STOCKHOLM, Sweden—With the first Nobel Prize of the year set to be announced Monday, Nobel watchers said possible winners of the physiology or medicine prize could be a pair of British medical researchers who discovered a link between cigarette smoking and cancer or an American microbiologist who broke new ground in the research of cholera.
Speculation rarely proves accurate, however, as the secretive prize committees keep a tight lid on selection proceedings—nominations are not revealed for 50 years. The final decision on the medicine prize is taken by the Nobel Assembly at Stockholm’s Karolinska Institutet, which will announce the winner on Monday, not earlier than 11:30 a.m..
Last year’s prize winners were Briton Sir Peter Mansfield and American Paul C. Lauterbur for discoveries that led to the development of MRI, which is used by doctors to get a detailed look into their patients’ bodies.
This year, the names of British epidemiologists Richard Doll and Richard Peto were bandied about by various Swedish media on Sunday, including the respected daily Dagens Nyheter, as likely winners for their work in linking smoking with cancer.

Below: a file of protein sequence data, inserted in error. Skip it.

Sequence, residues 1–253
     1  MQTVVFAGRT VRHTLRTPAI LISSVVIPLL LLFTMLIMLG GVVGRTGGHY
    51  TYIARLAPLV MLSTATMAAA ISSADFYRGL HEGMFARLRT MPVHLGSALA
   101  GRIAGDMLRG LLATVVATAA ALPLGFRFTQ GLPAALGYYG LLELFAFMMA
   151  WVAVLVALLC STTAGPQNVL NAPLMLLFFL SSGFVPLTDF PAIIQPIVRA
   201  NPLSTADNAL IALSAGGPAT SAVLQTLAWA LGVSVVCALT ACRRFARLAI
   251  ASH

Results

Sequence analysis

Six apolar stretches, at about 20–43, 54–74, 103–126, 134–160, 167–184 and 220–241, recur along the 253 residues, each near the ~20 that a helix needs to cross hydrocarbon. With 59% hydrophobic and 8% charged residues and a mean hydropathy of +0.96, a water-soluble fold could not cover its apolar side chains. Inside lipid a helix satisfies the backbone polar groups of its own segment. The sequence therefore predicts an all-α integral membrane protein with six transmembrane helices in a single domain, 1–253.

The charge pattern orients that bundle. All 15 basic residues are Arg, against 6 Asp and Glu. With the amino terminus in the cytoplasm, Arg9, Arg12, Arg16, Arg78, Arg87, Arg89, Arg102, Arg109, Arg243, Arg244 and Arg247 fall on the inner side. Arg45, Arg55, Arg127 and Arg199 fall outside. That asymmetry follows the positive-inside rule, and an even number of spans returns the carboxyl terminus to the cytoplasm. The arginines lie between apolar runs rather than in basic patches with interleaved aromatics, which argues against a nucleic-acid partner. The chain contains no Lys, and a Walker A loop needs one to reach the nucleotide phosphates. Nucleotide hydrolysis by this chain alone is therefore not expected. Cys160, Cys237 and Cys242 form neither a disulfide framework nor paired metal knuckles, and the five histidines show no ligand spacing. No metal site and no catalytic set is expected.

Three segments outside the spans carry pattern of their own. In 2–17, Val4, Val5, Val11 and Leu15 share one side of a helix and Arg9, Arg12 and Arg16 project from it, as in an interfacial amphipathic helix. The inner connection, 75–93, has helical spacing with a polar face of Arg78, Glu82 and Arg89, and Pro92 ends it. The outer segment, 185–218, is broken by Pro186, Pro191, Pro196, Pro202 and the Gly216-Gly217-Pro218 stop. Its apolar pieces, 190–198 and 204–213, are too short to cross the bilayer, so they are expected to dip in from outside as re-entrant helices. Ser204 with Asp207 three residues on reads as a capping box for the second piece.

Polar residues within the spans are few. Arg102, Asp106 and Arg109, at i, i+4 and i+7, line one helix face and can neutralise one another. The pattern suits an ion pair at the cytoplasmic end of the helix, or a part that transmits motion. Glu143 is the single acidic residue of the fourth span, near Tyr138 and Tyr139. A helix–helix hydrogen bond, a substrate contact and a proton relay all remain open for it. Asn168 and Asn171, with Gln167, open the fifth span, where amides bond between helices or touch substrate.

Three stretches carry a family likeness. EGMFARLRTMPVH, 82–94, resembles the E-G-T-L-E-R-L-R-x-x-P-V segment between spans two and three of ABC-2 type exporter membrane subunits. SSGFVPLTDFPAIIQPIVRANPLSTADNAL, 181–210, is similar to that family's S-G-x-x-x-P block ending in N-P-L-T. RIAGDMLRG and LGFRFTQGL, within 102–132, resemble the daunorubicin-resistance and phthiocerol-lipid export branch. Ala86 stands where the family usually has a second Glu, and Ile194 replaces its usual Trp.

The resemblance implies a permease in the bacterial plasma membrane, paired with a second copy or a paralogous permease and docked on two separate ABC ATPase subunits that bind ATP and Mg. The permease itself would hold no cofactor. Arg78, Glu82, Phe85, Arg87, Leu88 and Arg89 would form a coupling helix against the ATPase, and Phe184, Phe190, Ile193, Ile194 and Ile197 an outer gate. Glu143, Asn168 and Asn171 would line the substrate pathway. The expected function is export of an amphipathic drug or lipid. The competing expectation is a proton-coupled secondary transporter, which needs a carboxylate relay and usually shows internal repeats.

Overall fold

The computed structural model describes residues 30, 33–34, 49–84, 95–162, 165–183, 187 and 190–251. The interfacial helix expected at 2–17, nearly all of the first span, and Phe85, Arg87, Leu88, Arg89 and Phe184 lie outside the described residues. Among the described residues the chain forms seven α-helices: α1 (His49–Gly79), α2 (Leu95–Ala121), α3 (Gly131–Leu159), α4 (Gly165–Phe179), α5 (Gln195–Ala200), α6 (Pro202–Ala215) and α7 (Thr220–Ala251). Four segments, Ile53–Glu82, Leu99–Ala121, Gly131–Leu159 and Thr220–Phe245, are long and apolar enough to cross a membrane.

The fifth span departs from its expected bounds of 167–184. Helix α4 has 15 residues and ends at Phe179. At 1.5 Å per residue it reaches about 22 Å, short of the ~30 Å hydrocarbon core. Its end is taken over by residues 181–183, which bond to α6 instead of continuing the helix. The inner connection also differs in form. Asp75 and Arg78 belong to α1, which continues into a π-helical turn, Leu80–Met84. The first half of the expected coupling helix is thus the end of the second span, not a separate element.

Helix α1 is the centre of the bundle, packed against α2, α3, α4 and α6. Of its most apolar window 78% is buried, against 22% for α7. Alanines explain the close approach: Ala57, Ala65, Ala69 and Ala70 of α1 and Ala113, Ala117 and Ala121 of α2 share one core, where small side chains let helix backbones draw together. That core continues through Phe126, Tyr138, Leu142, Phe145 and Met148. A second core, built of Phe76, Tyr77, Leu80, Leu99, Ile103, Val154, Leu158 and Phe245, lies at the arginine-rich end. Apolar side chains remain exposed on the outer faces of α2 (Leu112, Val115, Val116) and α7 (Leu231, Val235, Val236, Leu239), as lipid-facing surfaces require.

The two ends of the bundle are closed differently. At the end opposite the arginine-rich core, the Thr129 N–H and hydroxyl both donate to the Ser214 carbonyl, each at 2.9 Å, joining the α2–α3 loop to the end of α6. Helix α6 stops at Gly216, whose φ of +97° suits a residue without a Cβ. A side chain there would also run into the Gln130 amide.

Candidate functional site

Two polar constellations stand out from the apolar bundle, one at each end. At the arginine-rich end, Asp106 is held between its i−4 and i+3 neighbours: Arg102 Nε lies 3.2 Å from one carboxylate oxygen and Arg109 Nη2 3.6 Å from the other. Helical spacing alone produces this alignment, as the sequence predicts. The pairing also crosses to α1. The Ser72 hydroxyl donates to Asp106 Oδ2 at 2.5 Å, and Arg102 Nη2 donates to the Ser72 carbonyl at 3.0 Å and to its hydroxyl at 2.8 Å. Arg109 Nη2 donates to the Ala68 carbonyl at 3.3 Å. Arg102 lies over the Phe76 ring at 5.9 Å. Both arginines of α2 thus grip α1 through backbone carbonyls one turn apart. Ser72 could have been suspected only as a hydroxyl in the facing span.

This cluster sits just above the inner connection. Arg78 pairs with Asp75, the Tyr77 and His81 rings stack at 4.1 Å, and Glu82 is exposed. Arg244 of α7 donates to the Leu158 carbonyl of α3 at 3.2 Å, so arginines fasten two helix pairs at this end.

Doll found and publicized the link in the 1950s, while Peto’s surveys of British doctors in the 1970s shed new light on smoking deaths.
Another possible winner was Rita Colwell, whose work in the 1980s found that the Vibrio cholerae bacteria was more complex, and prevalent, than previously thought.
The intense speculation is generated largely by the fact that the committees behind the awards are so tightlipped about their decisions.
The medicine prize includes a check for 10 million kronor ($1.3 million), but it’s the aura of prestige a Nobel Prize confers that candidates crave most.
There are no set guidelines for deciding who wins. Alfred Nobel, the inventor of dynamite who endowed the awards that bear his name, simply said the winner “shall have made the most important discovery within the domain of physiology or medicine.”
The assembly that selects the medicine prize winner invites nominations from previous recipients, professors of medicine and other professionals worldwide before whittling down its choices in the fall.